Proposed Reduction in Corporate Tax Rate May Not Benefit Many New York Small Businesses

March 1, 2012

1109016_48841117_03012012.jpgA proposal from the Obama administration to reduce the federal corporate tax rate has not generated as much enthusiasm among small business owners as might be expected. Small business advocates claim that the proposed reduction, while seemingly beneficial at first glance, would actually only help a small percentage of companies. The proposed reduction would lower the top corporate tax rate from thirty-five to twenty-eight percent. For manufacturers, the rate would top out at twenty-five percent. The problem is that the proposed reduction only applies to C corporations, the corporate structure used by most large businesses and very few small ones.

According to the Associated Press, only twenty-five percent of small businesses use the C corporation structure. Other small businesses are organized as S corporations, limited liability companies (LLC's), partnerships, or sole proprietorships. The primary difference between a C corporation and a S corporation is the way in which they pay taxes. C corporations pay federal income taxes on net revenues, and shareholders pay taxes on dividends received from the corporation. This is sometimes known as "double taxation," since the corporation and the shareholders both pay income tax on what is essentially the same money. In a S corporation, income "passes through" to the shareholders, who pay the income tax. Tax laws set specific restrictions on who can be a shareholder in a S corporation, and the total number of shareholders is capped.

Other types of businesses, like LLC's and partnerships, also usually do "pass-through" taxation, although they may sometimes opt to pay tax like a C Corporation. Sole proprietorships are typically just a legal alter ego for the business owner, so taxes are paid through the individual's tax return. According to the National Small Business Association, up to eighty-three percent of small businesses pay taxes at the level of the owner's personal income.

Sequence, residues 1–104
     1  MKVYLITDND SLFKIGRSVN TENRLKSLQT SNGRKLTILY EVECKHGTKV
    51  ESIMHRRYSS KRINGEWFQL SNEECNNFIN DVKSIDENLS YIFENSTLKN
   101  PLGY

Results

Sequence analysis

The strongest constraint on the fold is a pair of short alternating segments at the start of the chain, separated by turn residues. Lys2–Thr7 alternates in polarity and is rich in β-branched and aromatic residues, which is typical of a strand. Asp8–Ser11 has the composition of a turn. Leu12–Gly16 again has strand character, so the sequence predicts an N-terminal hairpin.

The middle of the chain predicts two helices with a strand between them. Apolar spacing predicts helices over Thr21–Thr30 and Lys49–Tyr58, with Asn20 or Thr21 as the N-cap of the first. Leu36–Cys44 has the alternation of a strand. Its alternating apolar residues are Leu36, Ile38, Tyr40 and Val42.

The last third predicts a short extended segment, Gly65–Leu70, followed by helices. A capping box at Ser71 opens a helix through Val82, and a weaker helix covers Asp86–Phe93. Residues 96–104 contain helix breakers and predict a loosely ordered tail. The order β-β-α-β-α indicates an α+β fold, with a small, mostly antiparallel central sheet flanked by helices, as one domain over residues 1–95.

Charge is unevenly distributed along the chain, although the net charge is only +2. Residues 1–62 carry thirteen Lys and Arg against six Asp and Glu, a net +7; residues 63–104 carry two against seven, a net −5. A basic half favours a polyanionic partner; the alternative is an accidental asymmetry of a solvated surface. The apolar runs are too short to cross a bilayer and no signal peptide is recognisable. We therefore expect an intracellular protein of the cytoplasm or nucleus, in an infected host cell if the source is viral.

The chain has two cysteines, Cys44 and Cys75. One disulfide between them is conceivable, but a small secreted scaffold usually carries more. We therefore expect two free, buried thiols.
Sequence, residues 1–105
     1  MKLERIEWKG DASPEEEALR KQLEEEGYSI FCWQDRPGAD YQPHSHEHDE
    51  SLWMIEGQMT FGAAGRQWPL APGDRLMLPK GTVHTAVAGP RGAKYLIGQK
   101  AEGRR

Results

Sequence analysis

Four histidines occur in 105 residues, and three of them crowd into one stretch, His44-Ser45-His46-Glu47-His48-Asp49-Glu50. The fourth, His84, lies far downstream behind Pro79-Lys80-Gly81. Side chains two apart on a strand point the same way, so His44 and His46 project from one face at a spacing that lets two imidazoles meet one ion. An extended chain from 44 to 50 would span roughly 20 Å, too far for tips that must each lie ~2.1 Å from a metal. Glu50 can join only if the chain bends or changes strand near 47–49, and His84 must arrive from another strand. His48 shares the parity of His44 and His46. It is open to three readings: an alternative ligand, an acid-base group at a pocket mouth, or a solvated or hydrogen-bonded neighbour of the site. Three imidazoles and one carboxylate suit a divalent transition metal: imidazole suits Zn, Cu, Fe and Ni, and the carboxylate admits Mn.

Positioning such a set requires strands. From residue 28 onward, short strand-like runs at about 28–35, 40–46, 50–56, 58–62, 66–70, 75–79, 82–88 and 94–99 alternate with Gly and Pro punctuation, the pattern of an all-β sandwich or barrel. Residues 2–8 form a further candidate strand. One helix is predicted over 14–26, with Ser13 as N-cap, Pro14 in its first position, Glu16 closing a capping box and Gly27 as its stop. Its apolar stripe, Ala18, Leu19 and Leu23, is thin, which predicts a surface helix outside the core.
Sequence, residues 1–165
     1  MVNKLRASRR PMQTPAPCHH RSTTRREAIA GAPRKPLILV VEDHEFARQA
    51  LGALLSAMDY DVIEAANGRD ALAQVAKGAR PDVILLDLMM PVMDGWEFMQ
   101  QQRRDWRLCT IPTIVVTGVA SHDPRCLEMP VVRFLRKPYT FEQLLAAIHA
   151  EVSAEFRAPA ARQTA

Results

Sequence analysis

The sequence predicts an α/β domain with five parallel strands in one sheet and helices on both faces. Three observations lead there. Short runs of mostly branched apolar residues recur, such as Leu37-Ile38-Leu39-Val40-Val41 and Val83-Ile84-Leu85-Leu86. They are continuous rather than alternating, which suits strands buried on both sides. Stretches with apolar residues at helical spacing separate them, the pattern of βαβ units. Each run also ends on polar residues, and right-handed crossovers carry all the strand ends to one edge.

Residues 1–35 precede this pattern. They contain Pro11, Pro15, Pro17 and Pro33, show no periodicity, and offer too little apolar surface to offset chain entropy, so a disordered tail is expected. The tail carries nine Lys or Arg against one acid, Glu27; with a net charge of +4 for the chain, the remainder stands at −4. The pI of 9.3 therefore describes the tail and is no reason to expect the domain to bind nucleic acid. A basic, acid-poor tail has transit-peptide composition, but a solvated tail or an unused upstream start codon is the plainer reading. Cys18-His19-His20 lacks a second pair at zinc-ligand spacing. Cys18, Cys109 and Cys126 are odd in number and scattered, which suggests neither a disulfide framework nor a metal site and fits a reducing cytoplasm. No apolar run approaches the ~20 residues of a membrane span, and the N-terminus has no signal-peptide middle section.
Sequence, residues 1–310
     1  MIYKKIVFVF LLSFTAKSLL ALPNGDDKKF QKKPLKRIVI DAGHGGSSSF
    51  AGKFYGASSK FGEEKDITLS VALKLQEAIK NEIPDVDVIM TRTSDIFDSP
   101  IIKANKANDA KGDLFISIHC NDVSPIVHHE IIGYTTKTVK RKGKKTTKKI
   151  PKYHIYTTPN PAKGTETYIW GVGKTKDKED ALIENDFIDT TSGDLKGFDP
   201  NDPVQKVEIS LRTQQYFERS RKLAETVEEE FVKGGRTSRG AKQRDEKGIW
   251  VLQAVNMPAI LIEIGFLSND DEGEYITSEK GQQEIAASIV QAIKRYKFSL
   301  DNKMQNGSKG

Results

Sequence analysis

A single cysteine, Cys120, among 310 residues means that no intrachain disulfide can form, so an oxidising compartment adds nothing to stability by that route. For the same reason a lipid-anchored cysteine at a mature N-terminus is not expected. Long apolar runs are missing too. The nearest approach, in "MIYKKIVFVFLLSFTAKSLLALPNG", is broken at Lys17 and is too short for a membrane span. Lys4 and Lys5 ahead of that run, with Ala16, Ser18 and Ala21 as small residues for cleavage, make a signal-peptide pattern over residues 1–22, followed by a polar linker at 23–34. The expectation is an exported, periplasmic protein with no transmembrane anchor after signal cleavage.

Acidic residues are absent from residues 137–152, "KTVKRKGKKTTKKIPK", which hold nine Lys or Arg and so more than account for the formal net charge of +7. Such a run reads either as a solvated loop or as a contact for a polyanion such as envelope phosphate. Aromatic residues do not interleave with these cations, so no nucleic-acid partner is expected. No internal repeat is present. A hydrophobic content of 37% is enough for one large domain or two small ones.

While larger corporations may see a reduction in their taxes, small businesses may not see any change, or may even see an increase in some circumstances. The Wall Street Journal reports that people with total income of more than $250,000 per year will see an increase in their personal tax rates if the Bush tax cuts expire on schedule at the end of 2012. This would have the effect of raising the tax rate on small businesses whose taxes are tied to their owners. Several small business advocates quoted by the Wall Street Journal promote reducing the personal income tax rate along with the corporate rate in order to more effectively help small businesses and the self-employed.

The last time the expiration of the Bush tax cuts was up for debate, Bloomberg Businessweek reported on small businesses that were choosing the C corporation structure specifically to avoid a possible increase in tax rates. Nearly three years since that report was published, it is worth noting that the number of small businesses organized as C corporations remains relatively low. There are many advantages to small businesses in structures like S corporations or LLC's, and federal income tax is only one factor for small business owners to consider.

The New York business attorneys at Samuel C. Berger, PC offer fixed-fee packages of legal services to businesses and entrepreneurs who want to do business in New York and northern New Jersey. To speak to a member of our skilled legal team, contact us today online or at (212) 380-8117.

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Photo credit: 'Factory' by Asif Akbar on stock.xchng.